# How Can a Collision Conserve Momentum, But Not Kinetic Energy?

When two objects interact in a collision, momentum is conserved where momentum (p) is defined as the product of mass (m) and velocity (v). However, if the kinetic energy also depends on mass and velocity (1/2 mv²) then shouldn’t it also be conserved? Nope. Let’s work through the whole thing.

# Simple Collision Between Two Point Particles

Let’s start with the simplest example possible (maybe). Imagine that there is a particle with mass m moving in the x-direction with a velocity v (called particle A). It collides with another particle with mass m, but that’s stationary (particle B). Oh, it’s a head on collision so that every stays in 1 dimension (the x-direction).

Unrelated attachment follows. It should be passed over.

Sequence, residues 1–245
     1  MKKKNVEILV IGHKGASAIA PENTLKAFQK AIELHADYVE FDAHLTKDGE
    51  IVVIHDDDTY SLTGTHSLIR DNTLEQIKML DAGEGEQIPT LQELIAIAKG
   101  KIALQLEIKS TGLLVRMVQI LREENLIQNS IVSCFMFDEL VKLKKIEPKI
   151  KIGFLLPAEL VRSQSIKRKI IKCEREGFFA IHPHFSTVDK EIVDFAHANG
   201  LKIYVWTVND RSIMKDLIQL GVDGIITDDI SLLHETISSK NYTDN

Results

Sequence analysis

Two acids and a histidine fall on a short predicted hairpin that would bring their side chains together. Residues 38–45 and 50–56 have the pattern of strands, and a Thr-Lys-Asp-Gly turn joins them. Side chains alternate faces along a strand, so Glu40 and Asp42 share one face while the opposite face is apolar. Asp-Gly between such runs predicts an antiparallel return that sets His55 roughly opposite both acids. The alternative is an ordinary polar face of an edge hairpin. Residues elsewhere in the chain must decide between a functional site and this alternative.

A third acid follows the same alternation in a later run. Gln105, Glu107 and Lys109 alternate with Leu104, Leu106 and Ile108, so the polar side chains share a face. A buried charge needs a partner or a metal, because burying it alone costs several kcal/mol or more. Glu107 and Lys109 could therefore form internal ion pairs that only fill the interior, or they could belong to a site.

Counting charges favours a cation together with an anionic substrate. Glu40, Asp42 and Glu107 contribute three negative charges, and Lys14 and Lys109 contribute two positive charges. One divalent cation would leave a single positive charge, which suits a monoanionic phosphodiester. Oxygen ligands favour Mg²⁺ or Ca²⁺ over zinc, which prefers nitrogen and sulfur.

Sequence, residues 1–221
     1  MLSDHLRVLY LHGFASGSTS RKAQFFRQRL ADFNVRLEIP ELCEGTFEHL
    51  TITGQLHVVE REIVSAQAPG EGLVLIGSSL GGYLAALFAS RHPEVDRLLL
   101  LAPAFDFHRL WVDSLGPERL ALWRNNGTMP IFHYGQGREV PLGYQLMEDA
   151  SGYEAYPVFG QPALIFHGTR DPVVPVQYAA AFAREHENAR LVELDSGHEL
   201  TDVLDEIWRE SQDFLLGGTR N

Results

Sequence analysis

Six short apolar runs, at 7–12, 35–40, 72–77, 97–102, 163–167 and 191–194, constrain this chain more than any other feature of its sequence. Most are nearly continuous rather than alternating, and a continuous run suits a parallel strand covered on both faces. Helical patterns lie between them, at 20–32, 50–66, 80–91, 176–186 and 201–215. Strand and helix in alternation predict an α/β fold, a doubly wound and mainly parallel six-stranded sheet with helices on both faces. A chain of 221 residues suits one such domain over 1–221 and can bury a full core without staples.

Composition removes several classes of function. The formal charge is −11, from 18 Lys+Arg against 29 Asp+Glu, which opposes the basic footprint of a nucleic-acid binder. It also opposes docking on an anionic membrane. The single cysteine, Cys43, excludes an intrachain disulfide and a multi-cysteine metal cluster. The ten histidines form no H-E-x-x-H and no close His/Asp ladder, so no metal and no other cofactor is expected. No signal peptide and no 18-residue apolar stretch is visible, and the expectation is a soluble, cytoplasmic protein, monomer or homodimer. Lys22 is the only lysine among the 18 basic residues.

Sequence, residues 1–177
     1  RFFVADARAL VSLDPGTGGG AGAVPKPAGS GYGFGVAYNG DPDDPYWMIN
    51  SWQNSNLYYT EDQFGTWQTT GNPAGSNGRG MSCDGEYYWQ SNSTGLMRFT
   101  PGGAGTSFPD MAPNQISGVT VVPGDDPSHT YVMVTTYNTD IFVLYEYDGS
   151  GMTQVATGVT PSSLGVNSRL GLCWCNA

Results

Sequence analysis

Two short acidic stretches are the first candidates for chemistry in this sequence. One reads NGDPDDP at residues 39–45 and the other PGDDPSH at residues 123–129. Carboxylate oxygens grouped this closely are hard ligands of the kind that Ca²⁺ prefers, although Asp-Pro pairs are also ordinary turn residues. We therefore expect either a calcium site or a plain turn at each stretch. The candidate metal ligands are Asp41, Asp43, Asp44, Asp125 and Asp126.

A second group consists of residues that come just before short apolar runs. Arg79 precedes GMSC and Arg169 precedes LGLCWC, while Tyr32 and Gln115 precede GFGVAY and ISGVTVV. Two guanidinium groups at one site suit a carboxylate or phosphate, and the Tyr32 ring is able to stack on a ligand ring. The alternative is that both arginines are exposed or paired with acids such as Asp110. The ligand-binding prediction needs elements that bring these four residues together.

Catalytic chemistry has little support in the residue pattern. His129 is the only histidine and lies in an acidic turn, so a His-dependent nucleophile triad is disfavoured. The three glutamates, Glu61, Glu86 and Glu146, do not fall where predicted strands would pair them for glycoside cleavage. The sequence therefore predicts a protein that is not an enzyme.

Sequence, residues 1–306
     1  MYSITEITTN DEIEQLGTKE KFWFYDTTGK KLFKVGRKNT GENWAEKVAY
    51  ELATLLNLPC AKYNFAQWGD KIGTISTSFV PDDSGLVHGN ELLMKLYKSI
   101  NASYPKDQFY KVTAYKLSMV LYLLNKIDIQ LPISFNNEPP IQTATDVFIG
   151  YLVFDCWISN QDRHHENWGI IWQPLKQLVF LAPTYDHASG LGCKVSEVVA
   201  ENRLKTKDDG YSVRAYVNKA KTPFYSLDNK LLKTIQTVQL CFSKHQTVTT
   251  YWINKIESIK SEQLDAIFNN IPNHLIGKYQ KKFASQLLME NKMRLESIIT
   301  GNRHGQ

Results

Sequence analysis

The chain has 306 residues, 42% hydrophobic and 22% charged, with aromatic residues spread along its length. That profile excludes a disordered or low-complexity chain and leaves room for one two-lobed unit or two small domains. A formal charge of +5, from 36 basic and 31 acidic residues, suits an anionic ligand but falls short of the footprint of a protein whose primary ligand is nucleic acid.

The key thing idea is that during the collision object A pushes on B and B pushes back on A. But these are the SAME interaction such that the magnitude of A on B is equal to B on A. Now let’s consider the momentum principle. It says the following:

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Physics faculty, science blogger of all things geek. Technical Consultant for CBS MacGyver and MythBusters. WIRED blogger.